Abscess

Lingual tonsil abscess with parapharyngeal extension: A case report

September 17, 2014     Andrew M. Coughlin, MD; Reginald F. Baugh, MD; Harold S. Pine, MD
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Abstract

Lingual tonsil abscess is a rare disorder previously reported only once in the English literature. Because of their similar structure to that of the palatine tonsils, the lingual tonsils have the propensity to develop infection in the same way. The progression of infection, however, is different in that the lingual tonsils lack a capsule, thus preventing the formation of a peritonsillar abscess. Therefore, the only place for infection to spread is either into the tongue or into the parapharyngeal space. Here we present our experience with the latter, and we provide radiographic evidence of the disease. Lingual tonsil abscess, although rare, is an important potential cause of airway obstruction and must be considered in the case of a sore throat with a normal oropharyngeal exam.

Bilateral mastoid subperiosteal abscesses in an infant

January 24, 2013     Hernan Goldsztien, MD; Kevin D. Pereira, MD
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The finding of bilateral acute mastoiditis in an infant should prompt a search for underlying predisposing causes.

Streptococcus milleri head and neck abscesses: A case series

June 4, 2012     Christopher Robert Foxton, MA(Oxon); Smariti Kapila, MBBS; Justin Kong, MBBS; Neil John Thomson, FRACS
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Abstract

Streptococcus milleri infections and abscesses in the head and neck region have been previously reported, but there is still a dearth of clinical literature on this topic. To add to the available reports and to promote a better understanding and awareness of this clinically important entity, we present this retrospective review of 7 cases of head and neck abscess caused by S milleri infection. We have placed particular emphasis on antibiotic sensitivity patterns. These patients—6 men and 1 woman, aged 28 to 73 years (mean: 42.7)—had been seen at a district general hospital in Gosford, Australia, over a 6-month period. All patients had undergone surgical intervention and had been treated with intravenous antibiotics. All the S millericultures were sensitive to penicillin G, cephalexin, and erythromycin. Six of these patients experienced a resolution of their abscess, while 1 patient died from overwhelming sepsis. We believe that the initiation of penicillin G, cephalexin, or erythromycin is a good starting point for empiric therapy. S milleri should be considered as a causative organism in a patient who presents with a head and neck abscess, especially in the presence of a dental infection. Such a patient should be monitored closely for airway obstruction and distal infective sequelae. Also in this article, we compare our findings with those reported in two other published series.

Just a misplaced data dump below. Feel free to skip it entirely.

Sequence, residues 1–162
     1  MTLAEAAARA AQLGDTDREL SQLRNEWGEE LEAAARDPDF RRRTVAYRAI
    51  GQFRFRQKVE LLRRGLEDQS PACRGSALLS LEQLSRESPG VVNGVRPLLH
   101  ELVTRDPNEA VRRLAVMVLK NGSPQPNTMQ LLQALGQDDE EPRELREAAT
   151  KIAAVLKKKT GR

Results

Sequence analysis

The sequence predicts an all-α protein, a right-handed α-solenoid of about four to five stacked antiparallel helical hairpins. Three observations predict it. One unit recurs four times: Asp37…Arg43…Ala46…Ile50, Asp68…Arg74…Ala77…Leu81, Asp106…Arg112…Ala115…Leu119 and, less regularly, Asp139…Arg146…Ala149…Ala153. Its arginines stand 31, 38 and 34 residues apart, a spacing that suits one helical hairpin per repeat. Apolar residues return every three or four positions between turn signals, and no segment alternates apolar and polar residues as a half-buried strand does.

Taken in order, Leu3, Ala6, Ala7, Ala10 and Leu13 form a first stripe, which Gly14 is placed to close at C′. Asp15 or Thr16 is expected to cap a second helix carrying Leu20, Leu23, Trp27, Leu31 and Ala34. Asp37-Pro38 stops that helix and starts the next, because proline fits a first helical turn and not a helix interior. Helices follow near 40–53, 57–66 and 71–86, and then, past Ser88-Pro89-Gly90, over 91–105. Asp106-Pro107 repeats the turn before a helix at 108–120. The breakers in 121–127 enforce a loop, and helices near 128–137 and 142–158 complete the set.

Peritonsillar abscess: A comparison of outpatient IM clindamycin and inpatient IV ampicillin/sulbactam following needle aspiration

May 31, 2005     Cem Ozbek, MD; Erdinc Aygenc, MD; Evrim Unsal, MD; Cafer Ozdem, MD
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Abstract
In an attempt to assess the effect of antibiotic choice on the treatment of peritonsillar abscess, we compared the clinical efficacy of empiric intramuscular clindamycin and intravenous ampicillin/sulbactam (following needle aspiration of the abscess) in a prospective, randomized study of 58 patients. Patients in the clindamycin group were treated on an outpatient basis, whereas those in the ampicillin/sulbactam group were hospitalized for the duration of their treatment (minimum: 7 days). Comparison of clinical outcomes with respect to the posttherapeutic duration of fever and throat pain and the time to resumption of eating revealed no statistically significant difference between the two groups. These results suggest that intramuscular clindamycin is an excellent choice and can be safely prescribed on an outpatient basis following needle aspiration, thereby reducing both antibiotic and hospital costs.

Neck abscess secondary to cat-scratch disease

November 1, 2004     Robert L. Dean, MD, PhD; John F. Eisenbeis, MD
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Abstract
A 7-year-old boy was referred to us for evaluation of an enlarging neck mass. The results of his primary care physician's initial clinical examination suggested lymphadenopathy secondary to lymphadenitis, and the patient was treated over a 4-week period with two rounds of antibiotics. However, the mass did not resolve, and it subsequently became fluctuant. The patient was referred to our institution, where we diagnosed cat-scratch disease.